2.5.1. Online Recording of Breeding Data- Beginning with the 2011 breeding season, all owners (or their FHANA -approved North American representatives) of Studbook Stallions with Approved Breeding Privileges shall be required to record all breedings and/or semen shipments by utilizing the website.  Breedings and shipments of fresh or frozen semen should be recorded daily, but must  be done at least once per week in any week in which breedings and/or shipments occur.  Failure to comply with this requirement may result in the imposition of a fine and/or revocation of breeding privileges. Continued Use of Stallion Record Books and Paper Breeding Certificates - The continued use of paper breeding certificates is strongly discouraged but is an acceptable alternative for any stallion owner or approved North American representative who does not have the ability to utilize the online system.  If this method is to be used, the stallion owner or representative shall submit the season's Stallion Report and copies (both the mare owner's copy and the FHANA copy) of the paper Breeding Certificates to FHANA prior to December 1 immediately following the breeding season.  Voided certificates must also be submitted; all numbers must be accounted for.  Because of the additional office work required to process the paper reports, a fee of $25.00 must be submitted with each certificate filed in 2012.  Starting with the 2013 breeding season, the fee will be $100.00 per certificate.  Stallion reports filed after the December 1 deadline will be assessed a penalty of $1000.00 per stallion.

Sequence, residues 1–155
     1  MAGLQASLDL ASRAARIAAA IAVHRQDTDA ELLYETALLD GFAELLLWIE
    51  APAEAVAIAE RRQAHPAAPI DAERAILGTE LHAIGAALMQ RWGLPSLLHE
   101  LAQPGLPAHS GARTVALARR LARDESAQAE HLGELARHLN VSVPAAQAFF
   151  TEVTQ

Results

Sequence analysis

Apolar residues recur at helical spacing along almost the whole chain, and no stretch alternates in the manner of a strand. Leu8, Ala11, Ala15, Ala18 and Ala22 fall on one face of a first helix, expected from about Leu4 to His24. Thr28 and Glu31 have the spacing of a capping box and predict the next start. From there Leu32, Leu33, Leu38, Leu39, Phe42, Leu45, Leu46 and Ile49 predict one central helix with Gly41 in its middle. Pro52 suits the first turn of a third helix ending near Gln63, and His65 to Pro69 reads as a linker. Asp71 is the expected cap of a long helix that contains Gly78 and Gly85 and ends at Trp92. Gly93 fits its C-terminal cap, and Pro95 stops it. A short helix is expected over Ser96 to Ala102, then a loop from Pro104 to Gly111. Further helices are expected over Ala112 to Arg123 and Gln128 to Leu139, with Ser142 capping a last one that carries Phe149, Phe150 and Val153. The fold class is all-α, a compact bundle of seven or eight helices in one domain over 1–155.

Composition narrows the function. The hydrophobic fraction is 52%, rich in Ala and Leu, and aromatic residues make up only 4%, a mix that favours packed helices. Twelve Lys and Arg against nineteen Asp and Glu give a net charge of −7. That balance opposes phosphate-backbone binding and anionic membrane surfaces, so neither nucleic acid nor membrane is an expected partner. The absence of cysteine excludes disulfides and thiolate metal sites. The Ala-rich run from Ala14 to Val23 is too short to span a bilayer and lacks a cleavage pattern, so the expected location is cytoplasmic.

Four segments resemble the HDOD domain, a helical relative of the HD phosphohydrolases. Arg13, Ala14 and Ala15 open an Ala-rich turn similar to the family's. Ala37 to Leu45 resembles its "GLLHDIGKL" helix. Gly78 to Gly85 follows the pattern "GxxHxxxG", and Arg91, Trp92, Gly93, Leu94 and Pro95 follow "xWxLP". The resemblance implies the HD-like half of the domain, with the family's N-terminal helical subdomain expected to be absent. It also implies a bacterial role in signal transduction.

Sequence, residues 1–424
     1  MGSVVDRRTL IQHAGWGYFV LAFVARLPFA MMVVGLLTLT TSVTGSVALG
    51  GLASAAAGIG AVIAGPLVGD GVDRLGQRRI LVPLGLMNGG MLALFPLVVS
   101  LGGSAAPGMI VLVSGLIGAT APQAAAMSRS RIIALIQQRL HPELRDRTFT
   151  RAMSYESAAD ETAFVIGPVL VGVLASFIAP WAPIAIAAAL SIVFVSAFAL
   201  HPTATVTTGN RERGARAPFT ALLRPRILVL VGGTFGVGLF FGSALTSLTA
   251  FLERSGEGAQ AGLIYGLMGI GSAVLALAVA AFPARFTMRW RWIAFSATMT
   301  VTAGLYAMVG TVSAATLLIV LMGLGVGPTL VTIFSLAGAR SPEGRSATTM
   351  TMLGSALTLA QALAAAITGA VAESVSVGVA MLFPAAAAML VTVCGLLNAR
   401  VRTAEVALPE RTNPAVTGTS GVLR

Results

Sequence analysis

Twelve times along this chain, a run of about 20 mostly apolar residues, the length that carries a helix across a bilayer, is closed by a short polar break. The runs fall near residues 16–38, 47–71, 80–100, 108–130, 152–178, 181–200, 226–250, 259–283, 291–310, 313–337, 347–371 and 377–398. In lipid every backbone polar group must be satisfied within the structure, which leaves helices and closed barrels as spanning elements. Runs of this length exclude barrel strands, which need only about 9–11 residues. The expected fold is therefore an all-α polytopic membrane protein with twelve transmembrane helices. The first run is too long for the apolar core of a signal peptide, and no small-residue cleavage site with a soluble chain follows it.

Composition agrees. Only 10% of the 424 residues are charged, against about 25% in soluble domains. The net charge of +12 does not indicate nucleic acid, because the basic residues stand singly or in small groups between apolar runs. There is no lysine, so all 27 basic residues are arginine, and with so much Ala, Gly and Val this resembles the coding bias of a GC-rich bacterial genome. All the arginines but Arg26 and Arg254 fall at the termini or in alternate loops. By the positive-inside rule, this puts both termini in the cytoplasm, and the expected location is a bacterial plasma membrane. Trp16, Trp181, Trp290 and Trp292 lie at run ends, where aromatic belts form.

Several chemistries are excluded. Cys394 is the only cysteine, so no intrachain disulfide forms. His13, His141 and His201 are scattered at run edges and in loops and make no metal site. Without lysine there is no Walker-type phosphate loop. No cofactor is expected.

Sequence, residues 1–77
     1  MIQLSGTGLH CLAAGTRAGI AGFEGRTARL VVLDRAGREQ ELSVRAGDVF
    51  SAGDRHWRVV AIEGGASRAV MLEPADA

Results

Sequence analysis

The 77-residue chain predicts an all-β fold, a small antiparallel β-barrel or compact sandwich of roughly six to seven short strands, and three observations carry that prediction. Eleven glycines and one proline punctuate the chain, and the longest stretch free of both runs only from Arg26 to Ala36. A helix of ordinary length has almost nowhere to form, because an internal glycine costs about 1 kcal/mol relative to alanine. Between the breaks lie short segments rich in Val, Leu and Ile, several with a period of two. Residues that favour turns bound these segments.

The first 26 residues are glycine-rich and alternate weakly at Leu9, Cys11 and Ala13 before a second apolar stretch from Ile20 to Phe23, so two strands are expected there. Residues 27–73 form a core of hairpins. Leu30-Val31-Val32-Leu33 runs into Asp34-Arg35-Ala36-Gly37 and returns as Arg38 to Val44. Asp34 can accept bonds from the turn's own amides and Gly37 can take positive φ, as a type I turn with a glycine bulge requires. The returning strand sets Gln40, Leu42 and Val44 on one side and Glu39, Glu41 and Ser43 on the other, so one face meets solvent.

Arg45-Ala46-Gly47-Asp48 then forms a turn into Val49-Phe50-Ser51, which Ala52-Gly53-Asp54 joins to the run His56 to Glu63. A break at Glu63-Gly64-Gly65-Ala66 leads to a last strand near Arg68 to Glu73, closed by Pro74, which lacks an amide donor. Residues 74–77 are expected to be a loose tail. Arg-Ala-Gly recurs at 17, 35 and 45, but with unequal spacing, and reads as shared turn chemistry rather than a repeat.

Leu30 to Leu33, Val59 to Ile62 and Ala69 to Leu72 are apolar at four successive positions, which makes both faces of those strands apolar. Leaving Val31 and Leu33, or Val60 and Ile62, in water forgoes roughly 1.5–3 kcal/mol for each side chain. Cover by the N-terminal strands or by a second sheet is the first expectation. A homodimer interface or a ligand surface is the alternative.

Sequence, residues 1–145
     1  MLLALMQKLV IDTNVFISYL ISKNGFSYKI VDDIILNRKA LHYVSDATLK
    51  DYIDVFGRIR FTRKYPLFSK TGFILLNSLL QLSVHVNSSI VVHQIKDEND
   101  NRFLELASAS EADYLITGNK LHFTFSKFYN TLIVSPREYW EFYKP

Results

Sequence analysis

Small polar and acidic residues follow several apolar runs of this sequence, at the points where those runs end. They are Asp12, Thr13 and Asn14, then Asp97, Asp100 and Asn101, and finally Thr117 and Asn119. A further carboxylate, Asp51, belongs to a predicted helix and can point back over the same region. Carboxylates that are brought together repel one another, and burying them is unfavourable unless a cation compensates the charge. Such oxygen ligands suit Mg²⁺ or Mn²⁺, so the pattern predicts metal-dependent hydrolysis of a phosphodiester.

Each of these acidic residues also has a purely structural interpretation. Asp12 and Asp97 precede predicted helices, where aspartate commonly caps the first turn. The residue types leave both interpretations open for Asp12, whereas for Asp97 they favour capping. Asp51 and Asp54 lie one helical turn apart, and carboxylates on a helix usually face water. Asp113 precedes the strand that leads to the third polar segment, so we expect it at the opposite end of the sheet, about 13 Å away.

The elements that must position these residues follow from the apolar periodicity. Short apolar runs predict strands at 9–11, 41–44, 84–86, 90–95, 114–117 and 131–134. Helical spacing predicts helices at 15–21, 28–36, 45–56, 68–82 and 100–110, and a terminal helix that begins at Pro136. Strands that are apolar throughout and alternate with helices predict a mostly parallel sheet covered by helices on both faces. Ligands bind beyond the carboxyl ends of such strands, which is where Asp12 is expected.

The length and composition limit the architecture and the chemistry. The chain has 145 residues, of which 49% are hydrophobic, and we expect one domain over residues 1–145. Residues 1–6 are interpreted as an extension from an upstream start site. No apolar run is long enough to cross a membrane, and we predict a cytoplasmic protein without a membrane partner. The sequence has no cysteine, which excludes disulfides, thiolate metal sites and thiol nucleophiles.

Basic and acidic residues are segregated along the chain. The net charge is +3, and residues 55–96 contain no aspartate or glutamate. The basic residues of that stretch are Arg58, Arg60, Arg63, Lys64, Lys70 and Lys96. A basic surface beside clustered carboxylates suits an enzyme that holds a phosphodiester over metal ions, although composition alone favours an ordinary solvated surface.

2.5.2. Breeding Certificates/Birth Announcements- In accordance with KFPS Registration Rules, Article 15, and beginning with mares bred during the 2012 breeding season, the Breeding Certificates/Birth Announcement forms will be sent directly by FHANA to the mare owners/breeders based upon the breeding data entered by the stallion owners/managers and any paper-based Stallion Reports.  Beginning with foals born in 2013, Stallion owners will no longer have the ability to withhold breeding certificates pending payment of fees and are therefore advised to protect their interests by contract and/or advance payment.  FHANA will NOT delay or deny registration of foals born in 2013 and thereafter due to any financial dispute between stallion and mare owners.

2.5.3. Breeding Certificates for Imported Semen - To enable both the FPS and the FHANA to maintain appropriate breeding records, the following procedure will apply to Breeding Certificates for inseminations with imported semen: